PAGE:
She put any thoughts about a cull to the back of her mind, she had her own challenge to meet and a deadline coming up fast behind her.
Hannah became Janexx2 and set to work on her gameplay. She had to forget that these were human beings. On their screens they’d just see digitally rendered figures, they never got to see the real action. So she typed at her console and worked hard to concentrate on the challenge. She’d have to sacrifice these Justice Seekers, but their deaths would count for something. With what she would learn at Fortrillium she was sure they could eventually stop the senseless killing.
So Hannah mastered her conscience and set about the task in hand. The first kill would be hers. And it would take their breath away.
Jena stroked the hair away from Harry’s eyes, she was still semi-conscious but had become increasingly restless. Most of the blood had been cleared away from the wounds and Jena had utilized the few dressings that Wiz had managed to find to cover them as best she could. Clean bandages were hard to get your hands on in The Climbs, these didn’t seem to be new, but they weren’t too dirty at least.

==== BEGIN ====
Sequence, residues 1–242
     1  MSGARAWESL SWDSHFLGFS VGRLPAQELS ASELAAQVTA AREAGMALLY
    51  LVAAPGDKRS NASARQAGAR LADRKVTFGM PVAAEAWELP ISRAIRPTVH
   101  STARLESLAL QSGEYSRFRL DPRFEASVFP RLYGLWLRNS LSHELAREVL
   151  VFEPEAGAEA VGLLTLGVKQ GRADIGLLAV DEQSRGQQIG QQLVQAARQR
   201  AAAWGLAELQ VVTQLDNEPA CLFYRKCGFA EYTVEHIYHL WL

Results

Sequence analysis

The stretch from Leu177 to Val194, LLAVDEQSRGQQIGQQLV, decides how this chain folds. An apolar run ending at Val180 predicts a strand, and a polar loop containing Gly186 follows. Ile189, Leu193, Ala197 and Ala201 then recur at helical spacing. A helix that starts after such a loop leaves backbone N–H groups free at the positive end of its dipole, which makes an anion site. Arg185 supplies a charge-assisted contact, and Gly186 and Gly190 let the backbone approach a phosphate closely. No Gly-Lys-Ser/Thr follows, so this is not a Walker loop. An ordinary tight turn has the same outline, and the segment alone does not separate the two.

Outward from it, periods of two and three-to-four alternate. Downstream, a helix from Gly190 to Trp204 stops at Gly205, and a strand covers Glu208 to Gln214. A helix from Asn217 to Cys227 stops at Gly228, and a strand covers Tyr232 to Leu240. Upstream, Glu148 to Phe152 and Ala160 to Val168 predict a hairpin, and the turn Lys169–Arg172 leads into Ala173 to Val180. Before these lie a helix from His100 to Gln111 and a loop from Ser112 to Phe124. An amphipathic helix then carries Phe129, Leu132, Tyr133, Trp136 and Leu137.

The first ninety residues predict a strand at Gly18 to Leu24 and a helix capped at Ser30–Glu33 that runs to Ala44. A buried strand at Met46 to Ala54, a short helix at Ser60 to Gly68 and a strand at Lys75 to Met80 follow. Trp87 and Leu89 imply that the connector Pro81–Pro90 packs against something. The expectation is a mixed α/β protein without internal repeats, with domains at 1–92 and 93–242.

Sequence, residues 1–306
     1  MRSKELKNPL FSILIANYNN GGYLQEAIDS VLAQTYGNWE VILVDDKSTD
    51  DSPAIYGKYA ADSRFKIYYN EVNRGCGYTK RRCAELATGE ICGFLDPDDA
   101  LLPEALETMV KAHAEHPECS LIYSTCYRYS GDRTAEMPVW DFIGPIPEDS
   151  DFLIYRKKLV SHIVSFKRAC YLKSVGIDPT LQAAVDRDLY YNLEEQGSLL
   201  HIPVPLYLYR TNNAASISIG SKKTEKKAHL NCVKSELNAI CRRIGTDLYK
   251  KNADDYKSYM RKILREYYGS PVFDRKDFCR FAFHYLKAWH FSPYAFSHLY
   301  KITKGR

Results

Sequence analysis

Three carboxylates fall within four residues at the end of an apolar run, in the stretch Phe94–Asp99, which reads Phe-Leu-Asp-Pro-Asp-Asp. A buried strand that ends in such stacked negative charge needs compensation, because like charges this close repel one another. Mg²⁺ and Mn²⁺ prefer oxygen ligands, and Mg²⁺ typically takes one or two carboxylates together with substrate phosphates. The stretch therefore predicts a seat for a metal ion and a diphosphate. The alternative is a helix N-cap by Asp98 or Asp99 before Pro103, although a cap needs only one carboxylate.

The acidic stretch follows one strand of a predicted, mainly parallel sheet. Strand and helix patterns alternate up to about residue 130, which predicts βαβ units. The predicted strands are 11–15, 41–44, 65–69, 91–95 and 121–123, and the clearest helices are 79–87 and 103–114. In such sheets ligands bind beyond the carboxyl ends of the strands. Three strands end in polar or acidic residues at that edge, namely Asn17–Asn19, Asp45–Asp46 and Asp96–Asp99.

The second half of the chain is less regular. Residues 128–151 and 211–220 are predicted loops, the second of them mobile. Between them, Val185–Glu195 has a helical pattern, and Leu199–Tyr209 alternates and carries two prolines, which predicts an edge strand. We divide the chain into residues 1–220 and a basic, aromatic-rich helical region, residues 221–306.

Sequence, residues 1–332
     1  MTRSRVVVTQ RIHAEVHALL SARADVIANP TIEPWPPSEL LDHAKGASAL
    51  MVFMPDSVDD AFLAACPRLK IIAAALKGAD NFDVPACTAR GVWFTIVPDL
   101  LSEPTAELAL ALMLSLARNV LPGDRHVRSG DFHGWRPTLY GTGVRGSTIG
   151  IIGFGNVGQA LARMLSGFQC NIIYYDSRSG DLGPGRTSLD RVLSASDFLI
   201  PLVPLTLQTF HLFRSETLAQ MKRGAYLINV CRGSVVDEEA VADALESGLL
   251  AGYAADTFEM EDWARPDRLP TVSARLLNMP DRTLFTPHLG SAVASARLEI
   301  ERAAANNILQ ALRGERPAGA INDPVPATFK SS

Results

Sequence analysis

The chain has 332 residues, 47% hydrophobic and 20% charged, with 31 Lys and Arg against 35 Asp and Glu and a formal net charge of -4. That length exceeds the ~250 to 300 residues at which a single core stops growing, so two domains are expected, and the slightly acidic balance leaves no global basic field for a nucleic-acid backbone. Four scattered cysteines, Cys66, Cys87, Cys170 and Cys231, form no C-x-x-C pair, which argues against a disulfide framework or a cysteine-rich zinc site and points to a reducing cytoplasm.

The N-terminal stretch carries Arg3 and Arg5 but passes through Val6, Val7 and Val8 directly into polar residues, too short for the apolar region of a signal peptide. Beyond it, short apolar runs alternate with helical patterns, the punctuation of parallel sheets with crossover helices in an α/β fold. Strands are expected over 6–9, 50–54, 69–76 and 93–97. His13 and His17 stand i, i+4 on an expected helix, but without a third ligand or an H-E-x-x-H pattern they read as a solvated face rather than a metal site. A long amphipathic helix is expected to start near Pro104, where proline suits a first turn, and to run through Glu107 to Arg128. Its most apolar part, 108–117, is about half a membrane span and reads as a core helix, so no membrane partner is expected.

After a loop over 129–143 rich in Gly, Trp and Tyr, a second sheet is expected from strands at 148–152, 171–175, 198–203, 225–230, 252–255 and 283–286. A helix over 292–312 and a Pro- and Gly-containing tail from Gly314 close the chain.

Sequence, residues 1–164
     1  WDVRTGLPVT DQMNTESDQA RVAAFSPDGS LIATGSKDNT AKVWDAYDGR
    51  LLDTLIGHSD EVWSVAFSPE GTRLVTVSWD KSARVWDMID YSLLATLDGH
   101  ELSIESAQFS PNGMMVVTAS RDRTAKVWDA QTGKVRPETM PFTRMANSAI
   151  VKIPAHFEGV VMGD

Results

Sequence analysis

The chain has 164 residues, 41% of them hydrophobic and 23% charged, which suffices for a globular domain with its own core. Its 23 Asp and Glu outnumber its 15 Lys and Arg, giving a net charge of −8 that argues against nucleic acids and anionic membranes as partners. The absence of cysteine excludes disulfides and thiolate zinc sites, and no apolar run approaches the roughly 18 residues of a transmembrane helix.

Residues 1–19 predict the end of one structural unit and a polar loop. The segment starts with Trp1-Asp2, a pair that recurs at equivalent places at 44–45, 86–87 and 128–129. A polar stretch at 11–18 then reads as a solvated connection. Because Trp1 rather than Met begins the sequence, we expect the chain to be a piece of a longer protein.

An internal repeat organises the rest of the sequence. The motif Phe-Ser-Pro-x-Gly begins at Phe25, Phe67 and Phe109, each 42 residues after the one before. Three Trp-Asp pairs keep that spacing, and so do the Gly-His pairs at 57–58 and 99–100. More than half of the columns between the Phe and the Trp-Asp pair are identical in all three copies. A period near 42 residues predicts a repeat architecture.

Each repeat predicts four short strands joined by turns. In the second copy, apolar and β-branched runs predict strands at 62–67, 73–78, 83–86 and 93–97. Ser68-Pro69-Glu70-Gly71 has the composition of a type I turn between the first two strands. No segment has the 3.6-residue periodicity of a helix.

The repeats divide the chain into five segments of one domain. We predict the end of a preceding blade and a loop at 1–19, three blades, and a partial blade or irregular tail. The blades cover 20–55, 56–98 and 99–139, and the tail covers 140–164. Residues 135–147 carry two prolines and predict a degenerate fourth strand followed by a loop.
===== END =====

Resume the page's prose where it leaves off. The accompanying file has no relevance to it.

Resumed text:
As Jena sat there, she listened to the muffled boom from the screens outside. They were high up, the sound wasn’t clear, but she knew what was going on.
She’d been here before. Dillon and Joe were much younger then, and she’d just collapsed at the time. Every day she tried to will herself on, she saw how much of the load that Joe was carrying, but she’d just crumpled when Matt died. She was perpetually frightened, terrified of what might happen at any moment, paralysed at the thought of taking action. She knew it was ridiculous, but she was imprisoned by her own mind, she just couldn’t master it.
So she cowered, seldom leaving the house, never speaking to anybody, locked up in the prison of her own fear. She’d known that Joe was in trouble, she’d understood what they’d said to her, but she just wanted to fold in on herself and disappear. If she could have killed herself, she would have, but she was too terrified even to do that.
It was checkmate in a game that only she was playing, there was no move for her to make, just existing, marking the hours, a captive in her own life.
When Wiz had come to the apartment it had stirred her, she’d sensed his urgency, understood the seriousness of what was going on. She’d grasped that Joe was in trouble, it was happening again. Joe, wonderful Joe, who’d kept them all alive since Matt was taken away.